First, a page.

Hello Fi was more collaborative, yeah?

Yeah there’s more people on it but it was just as un-collaborative. When you work with other people you care less. I’ve got to learn to care less and let other people bring their flavour to the table.

What are your plans after the record is released?

It’s just going to go off basically, trajectory-wise. I’ll get a band together and play some shows. Everything’s kind of been angling towards this idea of releasing this record and I don’t really have much planned after that, so we’ll see what gets spat out the other end.

In the next few years are there any particular goals you want to tick off - any big picture stuff?

Not really I’m not very good at that stuff. I’m just on the search for a really good song that touches somebody somehow or touches me. In writing there’s this great honeymoon period where the tunes are coming together and you get really soppy over it because the emotion is still raw in the tunes. I want to experience that again, but more so - make it bigger, or when that’s happening call it finished and stop fussing over it.

When I interview bands they often don’t want to hear their record once they’ve recorded and released it because they’ve spent such a long, intense amount of time on it. Are you like that or do you embrace it?

It’s been about a year writing most of these tunes. It’s a long time but it’s also kind of quick, which sounds terrible. I definitely want to get onto the next thing and find out what it is. I’m also kind of fascinated about how these songs will be received - I haven’t shown anyone so I’m interested to see how they’ll go down.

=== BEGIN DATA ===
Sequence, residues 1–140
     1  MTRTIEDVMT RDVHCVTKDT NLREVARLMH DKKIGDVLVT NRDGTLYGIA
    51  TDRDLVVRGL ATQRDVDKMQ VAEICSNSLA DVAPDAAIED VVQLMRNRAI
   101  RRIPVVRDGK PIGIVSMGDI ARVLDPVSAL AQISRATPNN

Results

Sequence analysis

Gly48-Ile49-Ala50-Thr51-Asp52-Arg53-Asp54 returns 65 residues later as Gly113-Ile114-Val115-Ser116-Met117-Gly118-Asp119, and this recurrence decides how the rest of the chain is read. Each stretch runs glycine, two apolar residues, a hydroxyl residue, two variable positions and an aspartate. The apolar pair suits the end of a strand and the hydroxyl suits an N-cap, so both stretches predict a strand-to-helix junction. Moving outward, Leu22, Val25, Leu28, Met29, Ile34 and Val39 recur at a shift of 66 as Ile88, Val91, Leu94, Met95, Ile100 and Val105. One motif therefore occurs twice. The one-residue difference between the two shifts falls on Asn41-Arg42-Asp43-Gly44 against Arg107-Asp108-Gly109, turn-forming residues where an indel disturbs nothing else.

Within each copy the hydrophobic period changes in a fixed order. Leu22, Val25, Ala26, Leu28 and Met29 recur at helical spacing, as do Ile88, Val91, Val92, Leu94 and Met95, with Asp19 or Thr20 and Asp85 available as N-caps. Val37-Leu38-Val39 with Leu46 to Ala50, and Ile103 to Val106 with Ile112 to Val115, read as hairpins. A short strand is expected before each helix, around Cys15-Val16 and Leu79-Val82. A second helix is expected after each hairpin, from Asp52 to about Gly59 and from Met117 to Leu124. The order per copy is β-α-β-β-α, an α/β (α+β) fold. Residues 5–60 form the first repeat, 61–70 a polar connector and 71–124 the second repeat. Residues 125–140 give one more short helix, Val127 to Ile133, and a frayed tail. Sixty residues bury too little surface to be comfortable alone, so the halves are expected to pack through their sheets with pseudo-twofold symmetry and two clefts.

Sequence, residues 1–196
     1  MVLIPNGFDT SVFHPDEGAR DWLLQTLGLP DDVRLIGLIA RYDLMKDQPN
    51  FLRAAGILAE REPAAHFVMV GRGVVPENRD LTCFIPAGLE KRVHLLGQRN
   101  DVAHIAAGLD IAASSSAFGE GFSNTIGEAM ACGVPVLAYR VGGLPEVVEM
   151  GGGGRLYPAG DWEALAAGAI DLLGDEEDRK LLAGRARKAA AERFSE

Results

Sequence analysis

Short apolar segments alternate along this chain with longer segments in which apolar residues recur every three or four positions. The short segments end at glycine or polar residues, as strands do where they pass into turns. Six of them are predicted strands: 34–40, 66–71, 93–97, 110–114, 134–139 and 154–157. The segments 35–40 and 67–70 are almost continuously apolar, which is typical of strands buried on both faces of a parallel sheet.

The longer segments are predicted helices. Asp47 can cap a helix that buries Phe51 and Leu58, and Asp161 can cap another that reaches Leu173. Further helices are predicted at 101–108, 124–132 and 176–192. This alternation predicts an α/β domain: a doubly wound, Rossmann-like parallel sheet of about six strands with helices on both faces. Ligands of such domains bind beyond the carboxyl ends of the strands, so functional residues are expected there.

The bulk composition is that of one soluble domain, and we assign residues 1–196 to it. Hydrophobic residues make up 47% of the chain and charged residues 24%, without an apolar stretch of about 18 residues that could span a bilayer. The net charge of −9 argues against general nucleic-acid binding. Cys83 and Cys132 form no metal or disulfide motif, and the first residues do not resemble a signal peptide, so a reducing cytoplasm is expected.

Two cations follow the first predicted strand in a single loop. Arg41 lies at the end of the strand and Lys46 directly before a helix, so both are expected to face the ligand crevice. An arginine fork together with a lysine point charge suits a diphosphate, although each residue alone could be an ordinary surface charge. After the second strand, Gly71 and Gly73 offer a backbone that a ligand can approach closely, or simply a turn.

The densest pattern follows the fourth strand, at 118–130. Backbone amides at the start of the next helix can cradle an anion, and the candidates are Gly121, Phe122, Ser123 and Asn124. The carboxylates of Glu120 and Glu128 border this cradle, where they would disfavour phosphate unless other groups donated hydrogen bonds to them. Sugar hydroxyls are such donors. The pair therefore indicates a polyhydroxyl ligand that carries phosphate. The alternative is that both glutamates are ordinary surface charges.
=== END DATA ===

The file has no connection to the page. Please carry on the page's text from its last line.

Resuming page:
Do you think we'll notice an obvious change in tact from Hello Fi?

It’s a little bit more caustic and a little less poppy I think. It’s also a lot less electronic because I decided to play drums on this one, which actually wasn’t a good idea.

You were saying before that you were in search of writing 'the perfect song'. Is there any track on the album that, in your opinion, comes close to this?

I think that most of them were at some point and then I changed my mind. I thought ‘Mickey’ was going to be it and I thought ‘Galactic Screen Saviour’ was going to be the best song I ever wrote.

I’m interested in your isolated process of songwriting. Have you always worked in quite an isolated way?

Yeah, it’s just your average Kiwi male not being able to talk about their feelings so I made these songs and these are sort of how I feel. It’s not always the sunshiniest stuff so you don’t want to show anyone else because you don’t want to make them sad.

And does removing yourself from outside distractions allows you to be more honest?

Yeah, I had a ‘good’ period when I first started which was three weeks or a month during which I was going in to the studio for 12 hours a day. I would turn off my phone and work really hard. But I wasn’t very good socially at that moment so people started worrying about me. People would come round and knock on the door asking if I was there and I wouldn’t answer the door. But yeah, I got heaps of work done, which is great.